At the COP19 climate conference in Poland, it would be a mistake for industrialised countries to expect the private sector to be the primary solution providing the financial commitments made to poorer nations, warns Simon Anderson.
At the UN climate conference in Copenhagen 2009, developed countries committed to provide funds rising to US$100 billion per year by 2020 to support developing countries in their efforts to address climate change.
But it appears that developed countries are finding it difficult to keep to their side of the bargain. Instead of allocating finance from the public purse to support developing countries, they have shifted focus to efforts to secure private finance.
Initially, we thought the upcoming COP19 climate conference in Warsaw, Poland would be an opportunity to discuss how climate finance from both public and some private sources could be brought together to ensure that developing countries can both mitigate and adapt to climate change.
However, following discussions with various parties to the negotiations it appears that private — not public — finance will be the key topic at the conference. When asked what will be on the COP19 table, developed countries keenly refer to private finance. Their vision of mobilising climate finance from private sources has also been a key theme at various recent meetings.
On 22 October, Todd Stern, US Special Envoy for Climate Change at the State Department, gave a speech in London in which the main discussion on climate finance was on ways to use the current very limited amount of public finance to leverage greater resources from the private sector. He added that: "No step change in overall levels of public funding from developed countries is likely to come anytime soon. The fiscal reality of the United States and other developed countries is not going to allow it."
A day later at the Copenhagen Climate Finance Meeting, UN Secretary General, Ban Ki-moon and ministers from developed nations said that governments with limited budgets needed to encourage bigger private investments in climate initiatives in developing countries. But discussions were largely limited to investments in climate change mitigation, and not adaptation— the more urgent priority of the poorest nations.
Two days after the Copenhagen meeting, a letter from Polish COP presidency encouraged civil society organisations to “present your own ideas on possible ways of mobilizing sources of finance in private sector."
Of course, no national governments can guarantee the delivery of any private sector finance. This might let countries neatly off the hook. Given the disappointing outcomes of the previous COP18 in Doha, Qatar, this is deeply concerning.
It is hoped that Scotland’s Climate Justice Fund can, in a modest way, show how public and private sector contributions can be channelled to resource climate adaptation by the climate vulnerable poor in developing countries. But business sector representatives discussing the Fund at a recent conference in Scotland on climate justice made it clear that if they were to support it, their support would be in-kind and not financial. And Scottish finance institutions themselves demanded a better framework from the public sector to create more incentives for private investments.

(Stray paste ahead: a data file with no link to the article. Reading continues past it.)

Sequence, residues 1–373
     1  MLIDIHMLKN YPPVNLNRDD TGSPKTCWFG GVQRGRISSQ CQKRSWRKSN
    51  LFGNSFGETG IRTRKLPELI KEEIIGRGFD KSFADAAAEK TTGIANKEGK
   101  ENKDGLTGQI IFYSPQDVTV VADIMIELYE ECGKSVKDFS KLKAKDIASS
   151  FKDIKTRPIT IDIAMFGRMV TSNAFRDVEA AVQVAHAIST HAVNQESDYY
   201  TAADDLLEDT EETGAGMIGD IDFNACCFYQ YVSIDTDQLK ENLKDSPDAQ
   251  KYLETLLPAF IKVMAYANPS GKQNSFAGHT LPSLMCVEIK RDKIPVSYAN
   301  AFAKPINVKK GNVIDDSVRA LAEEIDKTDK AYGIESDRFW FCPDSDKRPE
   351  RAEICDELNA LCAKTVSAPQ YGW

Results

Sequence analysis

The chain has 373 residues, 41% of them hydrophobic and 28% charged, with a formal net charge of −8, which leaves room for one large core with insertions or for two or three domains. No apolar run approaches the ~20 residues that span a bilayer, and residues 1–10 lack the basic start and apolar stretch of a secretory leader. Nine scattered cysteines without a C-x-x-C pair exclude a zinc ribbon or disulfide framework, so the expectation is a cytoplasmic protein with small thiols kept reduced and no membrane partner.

Two important points are missing from much of the recent literature on private sector climate finance for adaptation (such as this new review by Bonizella Biaginia and Alan Miller of the Global Environment Facility and the International Finance Corporation).
First, large-scale finance sector institutions (not manufacturing, technology and service businesses) need to be mobilised to get sufficient capital flows into climate adaptation. Second, investment in climate adaptation needs to benefit poor people hit hardest by the impacts of a changing climate. To do so, adaptation needs to be invested in by generating local, national and global public goods. Expecting the private sector to be good at this denies the lessons of history.
The experience of the Clean Development Mechanism – particularly across Africa, which has received under ten per cent of all CDM projects – bodes ill for the effectiveness of private sector and market mechanisms to support climate responses in developing countries.
Least Developed Countries
The world’s Least Developed Countries (LDCs) refuse to accept this overly optimistic emphasis on private climate finance. It damages their trust in the UN Framework Convention on Climate Change as hundreds of billions of dollars of public finance are still being devoted each year to encouraging the production and consumption of fossil fuels.
The small funds being made available for climate vulnerable countries are often focused on encouraging private sector contributions. So far there has been no discussion whatsoever on how the vulnerable developing countries, such as the LDCs, would benefit from private sector climate finance, particularly to help them adapt to the impacts of climate change.
Yet many of the poorest developing countries are leading the way in developing approaches to help the world keep the rise in global average temperatures to less than 2 degrees above pre-industrial levels. Many LDCS have already set out clear plans of how to reduce greenhouse gas emissions, adapt to climate change and achieve economic and social development, in a pioneering approach called low-carbon resilient development.
The LDCs need to be clear and strong on how climate finance should be generated and best used to avoid dashed expectations and more inaction for the world’s poorest people.